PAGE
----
By Catherine M. Cameron
In Captives: How Stolen humans replaced the World archaeologist Catherine M. Cameron presents an eye-opening comparative research of the profound impression that captives of conflict and raiding have had on small- scale societies via time. Cameron presents a brand new aspect of orientation for archaeologists, anthropologists, historians, and different students via illuminating the effect that captive-taking and enslavement have had on cultural switch, with vital implications for figuring out the past.
Focusing totally on indigenous societies within the Americas whereas extending the comparative achieve to incorporate Europe, Africa, and Island Southeast Asia, Cameron attracts on ethnographic, ethnohistoric, old, and archaeological information to envision the jobs that captives performed in small-scale societies. In such societies, captives represented a virtually common social classification consisting predominantly of girls and kids and constituting 10 to 50 percentage of the inhabitants in a given society. Cameron demonstrates how captives introduced with them new applied sciences, layout kinds, foodways, non secular practices, and extra, all of which replaced the captor culture.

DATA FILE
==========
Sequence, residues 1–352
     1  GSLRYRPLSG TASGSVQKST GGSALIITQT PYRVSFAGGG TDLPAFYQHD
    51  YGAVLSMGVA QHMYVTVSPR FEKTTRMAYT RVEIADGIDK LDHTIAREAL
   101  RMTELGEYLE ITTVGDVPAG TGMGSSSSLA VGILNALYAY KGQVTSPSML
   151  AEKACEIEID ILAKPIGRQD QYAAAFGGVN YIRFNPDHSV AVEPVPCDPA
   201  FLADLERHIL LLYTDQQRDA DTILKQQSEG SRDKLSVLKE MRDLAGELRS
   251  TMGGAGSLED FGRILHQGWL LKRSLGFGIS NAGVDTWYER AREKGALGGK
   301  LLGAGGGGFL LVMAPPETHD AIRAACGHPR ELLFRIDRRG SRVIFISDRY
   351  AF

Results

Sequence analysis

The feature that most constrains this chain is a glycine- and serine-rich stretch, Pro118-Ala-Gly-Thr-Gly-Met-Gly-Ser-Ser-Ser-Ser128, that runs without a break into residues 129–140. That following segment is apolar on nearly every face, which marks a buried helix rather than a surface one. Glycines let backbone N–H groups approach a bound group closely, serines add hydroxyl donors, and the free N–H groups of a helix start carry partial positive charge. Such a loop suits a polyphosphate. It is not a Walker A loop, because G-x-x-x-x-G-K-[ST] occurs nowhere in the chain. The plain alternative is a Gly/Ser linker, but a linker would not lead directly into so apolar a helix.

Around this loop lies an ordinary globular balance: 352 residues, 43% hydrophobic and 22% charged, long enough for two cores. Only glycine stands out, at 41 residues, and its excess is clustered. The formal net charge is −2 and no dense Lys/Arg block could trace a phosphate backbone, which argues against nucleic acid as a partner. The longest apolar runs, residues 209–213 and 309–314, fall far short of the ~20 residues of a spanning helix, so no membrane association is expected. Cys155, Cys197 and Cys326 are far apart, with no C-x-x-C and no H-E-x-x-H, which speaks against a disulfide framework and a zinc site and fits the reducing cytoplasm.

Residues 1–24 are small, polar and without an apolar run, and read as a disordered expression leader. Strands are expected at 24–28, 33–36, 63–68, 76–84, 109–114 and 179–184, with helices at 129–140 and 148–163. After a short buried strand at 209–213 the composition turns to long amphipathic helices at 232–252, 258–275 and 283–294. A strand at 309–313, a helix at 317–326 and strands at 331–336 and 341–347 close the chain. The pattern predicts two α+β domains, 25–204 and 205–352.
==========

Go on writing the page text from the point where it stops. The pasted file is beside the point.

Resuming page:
This e-book offers a framework that might permit archaeologists to appreciate the dimensions and nature of cultural transmission by way of captives and it is going to additionally curiosity anthropologists, historians, and different students who learn captive-taking and slavery. Cameron’s exploration of the ordinary amnesia that surrounds stories of captive-taking and enslavement worldwide additionally establishes a reference to unmistakable modern relevance.
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Extra info for Captives: How Stolen People Changed the World (Borderlands and Transcultural Studies)
Captives: How Stolen People Changed the World (Borderlands and Transcultural Studies) by Catherine M. Cameron